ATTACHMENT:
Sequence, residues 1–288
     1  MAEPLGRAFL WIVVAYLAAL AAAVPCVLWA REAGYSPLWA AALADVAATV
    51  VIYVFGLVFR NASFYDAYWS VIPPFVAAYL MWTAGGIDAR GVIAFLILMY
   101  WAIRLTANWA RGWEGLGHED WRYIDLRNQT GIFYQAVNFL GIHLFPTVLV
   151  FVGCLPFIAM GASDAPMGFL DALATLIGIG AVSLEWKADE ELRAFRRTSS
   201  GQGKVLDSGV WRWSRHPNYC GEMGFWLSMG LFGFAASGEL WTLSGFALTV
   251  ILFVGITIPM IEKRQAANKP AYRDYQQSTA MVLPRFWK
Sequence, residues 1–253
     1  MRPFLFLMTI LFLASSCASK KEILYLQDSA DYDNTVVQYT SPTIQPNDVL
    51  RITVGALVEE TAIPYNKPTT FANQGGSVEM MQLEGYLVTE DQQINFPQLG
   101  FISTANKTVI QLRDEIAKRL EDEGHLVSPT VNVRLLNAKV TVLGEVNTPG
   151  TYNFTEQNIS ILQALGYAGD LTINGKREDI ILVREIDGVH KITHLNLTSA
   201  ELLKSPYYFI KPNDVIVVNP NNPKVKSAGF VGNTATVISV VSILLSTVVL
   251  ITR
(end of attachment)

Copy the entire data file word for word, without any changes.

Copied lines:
Sequence, residues 1–288
     1  MAEPLGRAFL WIVVAYLAAL AAAVPCVLWA REAGYSPLWA AALADVAATV
    51  VIYVFGLVFR NASFYDAYWS VIPPFVAAYL MWTAGGIDAR GVIAFLILMY
   101  WAIRLTANWA RGWEGLGHED WRYIDLRNQT GIFYQAVNFL GIHLFPTVLV
   151  FVGCLPFIAM GASDAPMGFL DALATLIGIG AVSLEWKADE ELRAFRRTSS
   201  GQGKVLDSGV WRWSRHPNYC GEMGFWLSMG LFGFAASGEL WTLSGFALTV
   251  ILFVGITIPM IEKRQAANKP AYRDYQQSTA MVLPRFWK
Sequence, residues 1–253
     1  MRPFLFLMTI LFLASSCASK KEILYLQDSA DYDNTVVQYT SPTIQPNDVL
    51  RITVGALVEE TAIPYNKPTT FANQGGSVEM MQLEGYLVTE DQQINFPQLG
   101  FISTANKTVI QLRDEIAKRL EDEGHLVSPT VNVRLLNAKV TVLGEVNTPG
   151  TYNFTEQNIS ILQALGYAGD LTINGKREDI ILVREIDGVH KITHLNLTSA
   201  ELLKSPYYFI KPNDVIVVNP NNPKVKSAGF VGNTATVISV VSILLSTVVL
   251  ITR